Just as any positive number can be considered to be the square
of other numbers (its square roots), so it is possible to express
numbers as the third power, the fourth power, etc., of other
numbers. So, for example,
In this case, we would say that 4 is the cube root, written
The notation stands for the number that satisfies
That is, what we mean by is
the number that, when multiplied by itself n times, give the
result b. So, as above,
we conclude that .
and so on.
The small number n in is
called the order of the root (some books also call it the index
of the root).
Notice that when n = 2 (square roots), this label is usually
omitted, so is the same thing as .
Even order roots only exist for positive numbers, but odd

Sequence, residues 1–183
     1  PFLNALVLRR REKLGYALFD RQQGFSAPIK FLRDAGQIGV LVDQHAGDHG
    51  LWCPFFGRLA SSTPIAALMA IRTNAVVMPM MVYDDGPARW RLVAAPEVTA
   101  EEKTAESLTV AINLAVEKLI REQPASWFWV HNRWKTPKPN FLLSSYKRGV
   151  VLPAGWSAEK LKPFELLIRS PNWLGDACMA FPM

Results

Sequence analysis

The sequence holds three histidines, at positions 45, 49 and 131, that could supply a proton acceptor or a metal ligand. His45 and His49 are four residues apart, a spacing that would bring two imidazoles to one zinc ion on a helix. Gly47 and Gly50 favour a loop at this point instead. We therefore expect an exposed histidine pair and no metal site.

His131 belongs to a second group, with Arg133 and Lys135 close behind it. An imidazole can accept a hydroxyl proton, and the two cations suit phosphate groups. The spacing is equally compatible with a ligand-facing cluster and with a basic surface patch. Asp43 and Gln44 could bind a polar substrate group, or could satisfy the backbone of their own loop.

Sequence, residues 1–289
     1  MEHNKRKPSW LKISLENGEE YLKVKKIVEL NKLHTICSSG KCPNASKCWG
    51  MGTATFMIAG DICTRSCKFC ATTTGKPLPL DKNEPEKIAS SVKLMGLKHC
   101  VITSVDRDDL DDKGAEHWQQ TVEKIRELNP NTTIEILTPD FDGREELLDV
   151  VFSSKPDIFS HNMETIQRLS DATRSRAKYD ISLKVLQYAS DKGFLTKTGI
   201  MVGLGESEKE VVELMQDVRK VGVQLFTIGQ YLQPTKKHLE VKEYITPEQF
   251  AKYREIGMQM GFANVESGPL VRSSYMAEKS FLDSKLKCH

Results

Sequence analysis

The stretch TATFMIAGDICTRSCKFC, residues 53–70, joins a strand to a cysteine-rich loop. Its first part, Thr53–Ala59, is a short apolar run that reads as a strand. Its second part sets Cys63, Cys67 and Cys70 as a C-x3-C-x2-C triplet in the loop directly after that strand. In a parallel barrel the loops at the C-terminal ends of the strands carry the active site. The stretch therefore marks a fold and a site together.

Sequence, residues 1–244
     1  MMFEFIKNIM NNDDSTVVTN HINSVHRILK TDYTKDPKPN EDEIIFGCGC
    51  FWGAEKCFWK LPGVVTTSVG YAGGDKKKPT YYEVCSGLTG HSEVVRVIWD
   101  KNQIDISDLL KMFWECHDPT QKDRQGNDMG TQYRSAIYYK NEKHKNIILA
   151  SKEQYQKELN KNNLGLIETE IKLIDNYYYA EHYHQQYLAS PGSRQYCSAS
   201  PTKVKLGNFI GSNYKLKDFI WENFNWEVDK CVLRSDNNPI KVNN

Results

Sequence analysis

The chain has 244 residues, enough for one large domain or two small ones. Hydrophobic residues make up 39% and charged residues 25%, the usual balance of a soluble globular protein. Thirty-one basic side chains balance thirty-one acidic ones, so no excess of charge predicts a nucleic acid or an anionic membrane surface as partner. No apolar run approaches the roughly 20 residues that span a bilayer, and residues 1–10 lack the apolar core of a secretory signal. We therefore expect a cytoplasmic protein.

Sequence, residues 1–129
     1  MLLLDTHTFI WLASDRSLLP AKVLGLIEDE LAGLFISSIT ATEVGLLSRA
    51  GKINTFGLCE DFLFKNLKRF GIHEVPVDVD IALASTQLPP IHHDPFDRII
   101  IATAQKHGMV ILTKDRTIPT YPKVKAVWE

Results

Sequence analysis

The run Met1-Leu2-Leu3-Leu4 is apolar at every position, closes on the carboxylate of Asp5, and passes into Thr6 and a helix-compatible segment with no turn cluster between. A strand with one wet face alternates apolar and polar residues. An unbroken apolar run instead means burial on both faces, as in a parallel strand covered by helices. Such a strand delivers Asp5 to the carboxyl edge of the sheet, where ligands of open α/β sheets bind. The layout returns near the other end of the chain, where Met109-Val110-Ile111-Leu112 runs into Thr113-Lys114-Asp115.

order roots exist for both positive and negative numbers, as
illustrated in the examples above.
When n = 2, = is
called the square root of b.
When n = 3, is called the cube root of b.
For values of n greater than 3, we just use the ordinal name
for the root:
is the fourth root of b
is the fifth root of b
is the sixth root of b,
and so on.
What Are Roots Good For?
Low order roots occur commonly in technical applications. For
example, the formula for the area, A, of a square with sides of
length s, is
But, this means that the length of the side, s, is equal to
the square root of the area, A:
A second similar example the volume, V, of a cube which
has edges of length s is .
Because roots arise in solving important technical problems,
we will explore their basic properties in the next few documents
in these notes.
The word radical is used to refer to roots or expressions
involving roots. Thus , , ,
etc., are all called radicals.